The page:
Senior Member DavidA's Avatar
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    Quote Originally Posted by NLAdriaan View Post
    Well, in a forum preoccupied with dead conductors and aged recordings, a bit of fresh air is only healthy.
    Oh so lets throw out all the dead composers shall we? Get some fresh air in?
    Last edited by DavidA; Jul-07-2020 at 10:48.

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  7. #110
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    Quote Originally Posted by DavidA View Post
    Lebrect is a totally biased article which basically says that successful people who sell too many recordings are bad for the recording industry. I’ve always thought that a bit of an oxymoron. Like saying the Beatles were bad for EMI
    I think classical music is a very different machine. I did find the article acerbic, but humorously so. He does bring up some interesting points about how to critically view the Bernstein v Karajan v Solti competition in retrospect and how it sort of crippled the industry in its fallout. And if someone has a compelling argument about how the domination of the Beatles in a different section of the recording industry actually did impact it negatively over time, I would be happy to hear it. I think one can, as I do, appreciate the recordings we have, I mean we have them, why not, but also lament the unfortunate way classical music was handled in the 70's and 80's. I believe classical music's declining popularity had a lot to do with the elitism that became attached to it.

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    Senior Member starthrower's Avatar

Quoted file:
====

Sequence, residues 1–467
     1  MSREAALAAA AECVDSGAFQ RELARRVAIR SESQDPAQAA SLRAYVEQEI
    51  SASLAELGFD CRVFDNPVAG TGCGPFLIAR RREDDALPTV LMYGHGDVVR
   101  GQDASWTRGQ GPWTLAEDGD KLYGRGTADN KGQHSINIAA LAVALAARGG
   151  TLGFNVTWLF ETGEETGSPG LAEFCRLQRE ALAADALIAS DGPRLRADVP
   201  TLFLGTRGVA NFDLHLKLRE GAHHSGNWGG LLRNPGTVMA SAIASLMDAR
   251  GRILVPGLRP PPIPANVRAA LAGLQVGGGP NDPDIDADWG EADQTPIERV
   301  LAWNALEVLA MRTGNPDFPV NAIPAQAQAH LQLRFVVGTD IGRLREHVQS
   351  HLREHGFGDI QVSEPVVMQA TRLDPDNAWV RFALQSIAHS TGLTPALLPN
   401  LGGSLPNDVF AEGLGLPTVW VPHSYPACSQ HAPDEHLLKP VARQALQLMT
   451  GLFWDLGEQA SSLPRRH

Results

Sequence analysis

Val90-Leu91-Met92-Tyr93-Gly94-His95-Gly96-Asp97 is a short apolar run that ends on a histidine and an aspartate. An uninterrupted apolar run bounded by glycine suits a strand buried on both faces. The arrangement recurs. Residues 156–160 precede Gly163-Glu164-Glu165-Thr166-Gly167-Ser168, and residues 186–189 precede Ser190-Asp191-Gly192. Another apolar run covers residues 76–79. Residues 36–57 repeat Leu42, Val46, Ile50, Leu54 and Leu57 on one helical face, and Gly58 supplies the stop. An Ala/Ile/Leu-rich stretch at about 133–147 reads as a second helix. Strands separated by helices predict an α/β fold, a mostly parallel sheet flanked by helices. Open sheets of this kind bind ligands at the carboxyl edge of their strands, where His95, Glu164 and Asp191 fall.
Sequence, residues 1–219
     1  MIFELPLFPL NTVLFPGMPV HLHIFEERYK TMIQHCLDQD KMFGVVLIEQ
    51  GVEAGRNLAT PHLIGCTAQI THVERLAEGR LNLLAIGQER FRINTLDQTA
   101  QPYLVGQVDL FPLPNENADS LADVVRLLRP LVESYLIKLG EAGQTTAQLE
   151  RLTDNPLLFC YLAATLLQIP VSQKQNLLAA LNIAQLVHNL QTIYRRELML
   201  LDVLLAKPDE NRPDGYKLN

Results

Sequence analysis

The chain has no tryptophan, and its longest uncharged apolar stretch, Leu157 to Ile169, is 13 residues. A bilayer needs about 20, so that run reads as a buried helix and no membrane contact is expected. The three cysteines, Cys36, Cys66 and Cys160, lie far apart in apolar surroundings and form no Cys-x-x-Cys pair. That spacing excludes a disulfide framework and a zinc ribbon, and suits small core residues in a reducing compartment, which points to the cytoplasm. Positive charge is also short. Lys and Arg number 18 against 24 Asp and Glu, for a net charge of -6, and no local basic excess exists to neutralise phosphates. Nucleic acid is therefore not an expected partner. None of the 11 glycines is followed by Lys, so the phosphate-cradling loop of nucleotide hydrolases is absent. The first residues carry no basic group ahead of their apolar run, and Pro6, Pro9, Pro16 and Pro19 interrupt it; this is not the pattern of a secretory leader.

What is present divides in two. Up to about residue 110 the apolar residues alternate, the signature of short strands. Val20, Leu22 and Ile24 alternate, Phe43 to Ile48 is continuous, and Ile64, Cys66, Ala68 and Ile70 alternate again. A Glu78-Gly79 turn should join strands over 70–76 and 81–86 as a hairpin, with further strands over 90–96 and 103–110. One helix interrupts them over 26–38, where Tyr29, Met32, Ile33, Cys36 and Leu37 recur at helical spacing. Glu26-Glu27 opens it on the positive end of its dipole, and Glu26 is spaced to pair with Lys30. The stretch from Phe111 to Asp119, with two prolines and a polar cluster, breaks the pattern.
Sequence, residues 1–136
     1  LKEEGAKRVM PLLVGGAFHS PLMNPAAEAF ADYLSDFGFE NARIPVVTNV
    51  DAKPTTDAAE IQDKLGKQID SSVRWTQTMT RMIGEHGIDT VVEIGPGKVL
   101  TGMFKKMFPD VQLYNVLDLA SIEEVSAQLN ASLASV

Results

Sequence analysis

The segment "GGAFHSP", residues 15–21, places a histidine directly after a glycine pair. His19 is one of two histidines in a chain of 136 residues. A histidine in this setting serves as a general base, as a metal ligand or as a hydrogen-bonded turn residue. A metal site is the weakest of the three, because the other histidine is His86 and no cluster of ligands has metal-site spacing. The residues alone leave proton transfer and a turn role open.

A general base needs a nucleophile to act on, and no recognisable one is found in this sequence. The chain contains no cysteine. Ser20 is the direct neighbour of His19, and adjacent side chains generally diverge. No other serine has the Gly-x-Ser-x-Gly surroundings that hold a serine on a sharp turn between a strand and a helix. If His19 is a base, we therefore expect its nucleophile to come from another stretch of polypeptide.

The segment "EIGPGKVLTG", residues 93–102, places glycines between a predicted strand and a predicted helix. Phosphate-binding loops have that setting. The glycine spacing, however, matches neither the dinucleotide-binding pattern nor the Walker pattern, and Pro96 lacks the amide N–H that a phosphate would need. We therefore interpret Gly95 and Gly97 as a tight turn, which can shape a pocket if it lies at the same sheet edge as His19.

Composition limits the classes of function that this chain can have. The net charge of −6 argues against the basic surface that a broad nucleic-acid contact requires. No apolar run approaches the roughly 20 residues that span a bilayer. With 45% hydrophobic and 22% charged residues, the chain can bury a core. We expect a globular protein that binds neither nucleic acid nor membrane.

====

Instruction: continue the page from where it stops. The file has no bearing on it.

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    Somehow conductors of the future donning N95 masks won't have the sex appeal of a young Bernstein or Karajan.
    “Music makes you feel feelings. Words make you think thoughts. But a song can make you feel a thought.”

    - Yip Harburg

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    Quote Originally Posted by starthrower View Post
    Somehow conductors of the future donning N95 masks won't have the sex appeal of a young Bernstein or Karajan.
    That's exactly what Gustavo Dudamel thinks, and why he doesn't wear one, and why his country is seeing a sharp spike in COVID 19 deaths.

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    Senior Member starthrower's Avatar
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    Quote Originally Posted by millionrainbows View Post
    That's exactly what Gustavo Dudamel thinks, and why he doesn't wear one, and why his country is seeing a sharp spike in COVID 19 deaths.
    Sounds like a solid theory. He probably coughed on everyone at his last concert.
    “Music makes you feel feelings. Words make you think thoughts. But a song can make you feel a thought.”

    - Yip Harburg

  12. #114